All this led to another $50,000 being raised through a snowball effect which financed ambient lighting around the high school track and additional landscaping.
“People ask me how we’re doing all this and I tell them it’s because of Ernie DiBurro’s generosity,” says School Superintendent Jim Scully.
I remember once approaching Ernie to be a sponsor for our Armenian Youth Olympics. Besides putting an advertisement in the ad book, he opened the door to his bowling lanes and offered complimentary bowling.
When his son Teddy wrestled for Haverhill High and later coached the team, Ernie was a true advocate of the sport, helping the squad to secure its needs and encouraging others to pursue the sport.
Wrestling faced some difficult times in those days with numbers and worn facilities. The DiBurros took matters into their own hands and turned the sport into an arena of respectability.
All well and good certainly, but not enough, as Ernie continued with his humanitarian ways. Nothing was more near and dear to him than that Alzheimer’s Clinic he helped finance and administer next to the city’s hospital when it was the Hale.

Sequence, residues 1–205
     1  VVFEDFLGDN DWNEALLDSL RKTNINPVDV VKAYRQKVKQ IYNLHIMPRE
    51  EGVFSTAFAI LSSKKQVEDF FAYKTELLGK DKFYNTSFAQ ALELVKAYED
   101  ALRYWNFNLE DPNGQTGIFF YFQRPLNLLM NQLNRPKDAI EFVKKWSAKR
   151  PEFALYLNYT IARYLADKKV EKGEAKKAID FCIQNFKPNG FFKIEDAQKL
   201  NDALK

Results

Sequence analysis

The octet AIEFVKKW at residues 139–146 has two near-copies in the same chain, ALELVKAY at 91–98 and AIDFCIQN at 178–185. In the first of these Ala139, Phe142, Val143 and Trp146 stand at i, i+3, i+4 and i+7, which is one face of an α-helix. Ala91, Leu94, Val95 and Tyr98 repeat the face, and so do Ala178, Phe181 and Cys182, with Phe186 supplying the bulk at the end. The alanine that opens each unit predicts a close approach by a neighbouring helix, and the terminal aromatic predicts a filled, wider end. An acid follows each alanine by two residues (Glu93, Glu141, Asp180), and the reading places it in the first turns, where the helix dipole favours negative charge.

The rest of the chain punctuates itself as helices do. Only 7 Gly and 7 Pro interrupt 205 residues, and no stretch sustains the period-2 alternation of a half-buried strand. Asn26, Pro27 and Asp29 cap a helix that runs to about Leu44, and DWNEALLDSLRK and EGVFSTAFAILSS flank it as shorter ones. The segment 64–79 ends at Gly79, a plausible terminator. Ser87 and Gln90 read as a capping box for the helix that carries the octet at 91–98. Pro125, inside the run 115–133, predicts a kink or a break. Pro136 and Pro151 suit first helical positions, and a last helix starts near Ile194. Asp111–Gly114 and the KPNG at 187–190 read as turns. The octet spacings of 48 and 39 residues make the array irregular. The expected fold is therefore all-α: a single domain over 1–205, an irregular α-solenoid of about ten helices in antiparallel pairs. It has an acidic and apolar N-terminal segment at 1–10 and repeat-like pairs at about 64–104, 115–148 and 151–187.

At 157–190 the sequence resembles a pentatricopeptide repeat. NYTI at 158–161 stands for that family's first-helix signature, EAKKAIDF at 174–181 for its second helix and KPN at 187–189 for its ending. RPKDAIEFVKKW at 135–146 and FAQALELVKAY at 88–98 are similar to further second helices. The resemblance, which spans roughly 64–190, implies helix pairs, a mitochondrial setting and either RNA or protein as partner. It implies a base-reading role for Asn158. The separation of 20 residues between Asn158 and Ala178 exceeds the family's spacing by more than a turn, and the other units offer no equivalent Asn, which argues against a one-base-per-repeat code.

It turned into a more significant role than his business. People with advanced stages of Alzheimer’s came here to live with dignity and get the treatment they rightfully deserved.
More than once, I saw Ernie walk through those doors and lend a compassionate hand to residents of the facility. I sat with him for one story after another, often with a tear in his eye and a dollar out of his wallet when the going got tough.
That’s when Ernie got tougher to keep the place solvent, keeping the staff mobile and secure, not to mention the infrastructure, which was always under bureaucratic scrutiny. The day it closed, you may well have stuck DiBurro into an abyss.